Developing a front-end application, let’s say an Angular app, you could run into CORS Cross-origin issues performing requests to back-end services.
XMLHttpRequest cannot load http://my-service/api/my-resource. Response to preflight request doesn’t pass access control check: No ‘Access-Control-Allow-Origin’ header is present on the requested resource. Origin ‘http://localhost:8000’ is therefore not allowed access.
In production is something that should be configured in the server adding the following header to its response:
And the same can be done in your local dev machine if you are serving the fron-end and also the back-end. But what happens if your service is in another machine or port?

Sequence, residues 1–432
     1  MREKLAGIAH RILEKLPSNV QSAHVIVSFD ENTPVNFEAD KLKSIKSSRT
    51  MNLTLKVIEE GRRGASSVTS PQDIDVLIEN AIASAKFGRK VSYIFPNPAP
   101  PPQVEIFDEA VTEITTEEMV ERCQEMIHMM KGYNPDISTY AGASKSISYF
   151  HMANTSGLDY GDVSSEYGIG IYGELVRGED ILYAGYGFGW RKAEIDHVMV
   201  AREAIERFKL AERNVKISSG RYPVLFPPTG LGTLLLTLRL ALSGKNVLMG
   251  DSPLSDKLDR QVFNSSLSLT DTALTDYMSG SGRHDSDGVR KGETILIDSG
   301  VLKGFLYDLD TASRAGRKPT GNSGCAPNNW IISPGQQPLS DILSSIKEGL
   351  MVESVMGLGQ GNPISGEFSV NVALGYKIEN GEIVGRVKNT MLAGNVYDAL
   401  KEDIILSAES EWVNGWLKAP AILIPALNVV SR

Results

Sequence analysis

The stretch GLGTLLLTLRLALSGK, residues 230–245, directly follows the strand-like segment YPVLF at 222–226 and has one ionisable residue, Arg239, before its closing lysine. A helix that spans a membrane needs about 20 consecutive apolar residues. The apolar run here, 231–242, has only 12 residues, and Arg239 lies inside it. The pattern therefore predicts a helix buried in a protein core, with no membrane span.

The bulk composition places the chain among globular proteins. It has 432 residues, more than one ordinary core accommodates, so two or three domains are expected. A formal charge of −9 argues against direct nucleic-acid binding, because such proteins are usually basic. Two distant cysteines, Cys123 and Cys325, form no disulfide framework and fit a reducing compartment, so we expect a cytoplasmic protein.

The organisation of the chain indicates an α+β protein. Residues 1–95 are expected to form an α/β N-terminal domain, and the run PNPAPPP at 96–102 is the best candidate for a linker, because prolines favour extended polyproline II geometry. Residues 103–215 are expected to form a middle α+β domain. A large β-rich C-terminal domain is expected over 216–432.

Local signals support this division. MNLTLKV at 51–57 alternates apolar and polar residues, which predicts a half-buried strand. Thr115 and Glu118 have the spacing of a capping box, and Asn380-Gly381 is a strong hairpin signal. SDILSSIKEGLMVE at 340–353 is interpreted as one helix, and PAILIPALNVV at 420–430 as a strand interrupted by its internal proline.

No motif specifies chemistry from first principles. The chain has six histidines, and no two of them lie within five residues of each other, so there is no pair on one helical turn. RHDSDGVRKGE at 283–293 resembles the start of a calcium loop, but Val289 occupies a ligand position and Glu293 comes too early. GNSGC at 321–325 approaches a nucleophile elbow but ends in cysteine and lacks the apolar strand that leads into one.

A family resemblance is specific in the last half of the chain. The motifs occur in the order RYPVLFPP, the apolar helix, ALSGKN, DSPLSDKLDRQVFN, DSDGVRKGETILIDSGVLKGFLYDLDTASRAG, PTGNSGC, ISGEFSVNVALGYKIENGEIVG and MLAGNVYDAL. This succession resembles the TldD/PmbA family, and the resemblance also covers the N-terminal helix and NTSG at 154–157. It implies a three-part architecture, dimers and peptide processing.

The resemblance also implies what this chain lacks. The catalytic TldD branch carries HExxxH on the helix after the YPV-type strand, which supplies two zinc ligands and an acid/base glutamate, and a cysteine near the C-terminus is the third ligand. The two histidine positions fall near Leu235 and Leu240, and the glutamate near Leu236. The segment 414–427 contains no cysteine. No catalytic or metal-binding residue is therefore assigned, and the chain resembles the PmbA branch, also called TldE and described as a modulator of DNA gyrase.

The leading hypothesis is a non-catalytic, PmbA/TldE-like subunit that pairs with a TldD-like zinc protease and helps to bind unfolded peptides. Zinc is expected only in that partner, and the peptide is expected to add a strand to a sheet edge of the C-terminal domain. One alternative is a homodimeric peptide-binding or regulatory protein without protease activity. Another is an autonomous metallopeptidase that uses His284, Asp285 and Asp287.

We can solve this problem with a local reverse proxy, or using apps like Burp Suite. But a really quick workaround is to use the Google Chrome Allow-Control-Allow-Origin plugin.
Don’t forget to configure properly the filters to intercept only the URLs to the services that you use:
Another hacky and quick way to solve this is opening chrome with the web security disabled:
open /Applications/Google\ Chrome.app/ --args --disable-web-security
but It could be really dangerous to use that all the time.
To know more about CORS read http://www.html5rocks.com/en/tutorials/cors/.